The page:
“South Africa is a very nice country with good people. You fought for your own freedom and we want the same. Why can’t we also fight for the freedom of the Congolese people? We’d like to say [to South Africa] get out of this war; this is the problem of the Congolese people and it’s us who must solve it. There’s no need to get your soldiers killed and to kill the people of Congo. There’s no need for these injuries on your soldiers.” 

Monusco’s chief public information officer for North Kivu, Alexandre Essome, told the M&G that the onslaught on the M23 rebels would be ongoing because “the objective is to remove the threat on Goma town. This joint military action is a signal to all rebel groups, including M23, that crimes against the civilian population will not be tolerated”. 

In the middle of the fighting on Wednesday night, Kingston told the M&G that M23 would like to plead with South Africa to “think twice” about its deployed troops.

“We can’t leave our people, we are fighting back to protect them,” he said of areas under M23’s control. 

“They cut the water and electricity so our people are suffering. We’re asking the international community to investigate these killings.”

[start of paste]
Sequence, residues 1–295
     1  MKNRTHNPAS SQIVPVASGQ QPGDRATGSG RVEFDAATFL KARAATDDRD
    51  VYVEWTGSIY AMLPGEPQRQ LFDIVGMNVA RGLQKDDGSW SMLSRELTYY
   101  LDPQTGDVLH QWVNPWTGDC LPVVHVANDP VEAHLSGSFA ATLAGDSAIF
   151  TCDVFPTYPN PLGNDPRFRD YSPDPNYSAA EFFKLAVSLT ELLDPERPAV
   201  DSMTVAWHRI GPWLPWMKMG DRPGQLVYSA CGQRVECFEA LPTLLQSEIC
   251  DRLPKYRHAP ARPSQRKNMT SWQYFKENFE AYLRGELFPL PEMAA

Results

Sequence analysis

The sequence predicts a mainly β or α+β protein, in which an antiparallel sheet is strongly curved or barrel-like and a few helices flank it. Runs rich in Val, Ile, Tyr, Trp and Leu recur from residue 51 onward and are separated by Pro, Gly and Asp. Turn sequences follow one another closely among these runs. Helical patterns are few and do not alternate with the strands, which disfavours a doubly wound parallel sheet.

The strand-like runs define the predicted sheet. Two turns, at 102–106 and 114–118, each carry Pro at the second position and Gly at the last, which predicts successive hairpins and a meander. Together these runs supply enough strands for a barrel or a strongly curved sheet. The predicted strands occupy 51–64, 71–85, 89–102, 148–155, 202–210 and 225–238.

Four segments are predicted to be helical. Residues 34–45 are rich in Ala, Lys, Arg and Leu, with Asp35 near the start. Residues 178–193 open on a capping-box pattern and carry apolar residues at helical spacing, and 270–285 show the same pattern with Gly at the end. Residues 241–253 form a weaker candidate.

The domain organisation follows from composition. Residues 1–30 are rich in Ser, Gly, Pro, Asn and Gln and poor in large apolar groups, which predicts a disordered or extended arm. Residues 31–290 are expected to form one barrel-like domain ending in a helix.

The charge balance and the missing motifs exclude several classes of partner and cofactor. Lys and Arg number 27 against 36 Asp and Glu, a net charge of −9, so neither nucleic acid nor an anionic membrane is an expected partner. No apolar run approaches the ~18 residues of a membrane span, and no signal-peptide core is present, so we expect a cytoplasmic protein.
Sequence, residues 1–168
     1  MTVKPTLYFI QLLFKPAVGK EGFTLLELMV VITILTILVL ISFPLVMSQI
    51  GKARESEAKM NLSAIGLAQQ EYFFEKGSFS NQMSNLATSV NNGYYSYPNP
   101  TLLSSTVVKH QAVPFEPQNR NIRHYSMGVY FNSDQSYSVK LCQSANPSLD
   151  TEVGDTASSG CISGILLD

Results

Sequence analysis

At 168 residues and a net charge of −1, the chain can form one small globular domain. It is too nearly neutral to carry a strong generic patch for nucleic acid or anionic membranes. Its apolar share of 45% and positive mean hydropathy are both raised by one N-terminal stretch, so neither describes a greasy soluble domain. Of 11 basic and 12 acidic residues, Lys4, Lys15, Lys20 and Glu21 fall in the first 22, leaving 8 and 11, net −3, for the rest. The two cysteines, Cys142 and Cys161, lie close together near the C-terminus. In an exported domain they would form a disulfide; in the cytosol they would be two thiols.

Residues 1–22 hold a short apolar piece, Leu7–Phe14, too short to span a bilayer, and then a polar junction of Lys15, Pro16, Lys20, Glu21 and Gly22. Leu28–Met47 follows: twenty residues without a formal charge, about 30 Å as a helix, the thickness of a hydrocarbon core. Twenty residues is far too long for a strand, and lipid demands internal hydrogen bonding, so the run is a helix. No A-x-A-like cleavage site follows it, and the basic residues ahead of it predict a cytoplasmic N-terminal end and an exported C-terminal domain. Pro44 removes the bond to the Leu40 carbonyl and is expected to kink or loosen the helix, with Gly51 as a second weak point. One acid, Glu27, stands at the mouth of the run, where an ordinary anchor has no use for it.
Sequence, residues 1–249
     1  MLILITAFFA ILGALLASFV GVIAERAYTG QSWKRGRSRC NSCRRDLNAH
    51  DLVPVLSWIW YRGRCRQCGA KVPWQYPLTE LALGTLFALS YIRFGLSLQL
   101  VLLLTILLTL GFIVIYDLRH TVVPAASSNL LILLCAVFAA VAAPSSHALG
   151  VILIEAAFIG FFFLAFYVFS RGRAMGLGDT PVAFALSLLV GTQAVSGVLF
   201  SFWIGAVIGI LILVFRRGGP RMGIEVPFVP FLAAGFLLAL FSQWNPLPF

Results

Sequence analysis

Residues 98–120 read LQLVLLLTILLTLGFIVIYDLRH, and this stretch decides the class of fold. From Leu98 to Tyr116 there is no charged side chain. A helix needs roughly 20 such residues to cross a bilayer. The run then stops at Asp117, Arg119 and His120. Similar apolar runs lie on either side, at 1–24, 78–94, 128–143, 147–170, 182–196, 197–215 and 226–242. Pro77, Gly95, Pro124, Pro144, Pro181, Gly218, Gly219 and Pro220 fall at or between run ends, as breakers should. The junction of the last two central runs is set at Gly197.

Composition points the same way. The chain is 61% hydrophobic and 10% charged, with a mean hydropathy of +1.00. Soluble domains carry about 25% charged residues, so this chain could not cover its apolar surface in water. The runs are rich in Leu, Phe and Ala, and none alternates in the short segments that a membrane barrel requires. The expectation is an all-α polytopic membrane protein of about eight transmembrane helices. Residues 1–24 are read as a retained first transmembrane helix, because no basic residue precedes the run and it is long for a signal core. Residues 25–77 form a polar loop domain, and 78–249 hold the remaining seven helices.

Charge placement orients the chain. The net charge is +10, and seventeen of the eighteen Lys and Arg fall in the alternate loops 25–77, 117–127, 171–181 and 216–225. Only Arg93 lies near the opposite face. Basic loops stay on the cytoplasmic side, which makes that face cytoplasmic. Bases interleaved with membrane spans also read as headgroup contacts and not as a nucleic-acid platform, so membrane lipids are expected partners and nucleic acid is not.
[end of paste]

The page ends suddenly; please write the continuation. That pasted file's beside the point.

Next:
Claims

M23 has used its Twitter account to post claims it had killed some South Africans and Tanzanians in the past few days, but Kingston struggled to back those allegations.

“We know there are some casualties because South Africans have been fighting alongside FARDC,” he said.

“We don’t have the exact number of dead South Africans. You can get that from Monusco.” 

On Twitter, M23 was more confident: “Believe or not it’s true. The dead bodies are in Kinshasa. Why are they not contradicting us?”

Monusco’s Essome denied allegations that South Africans have been killed.

Mbananga said M23’s claim is “a psychological art of war”. 

Communication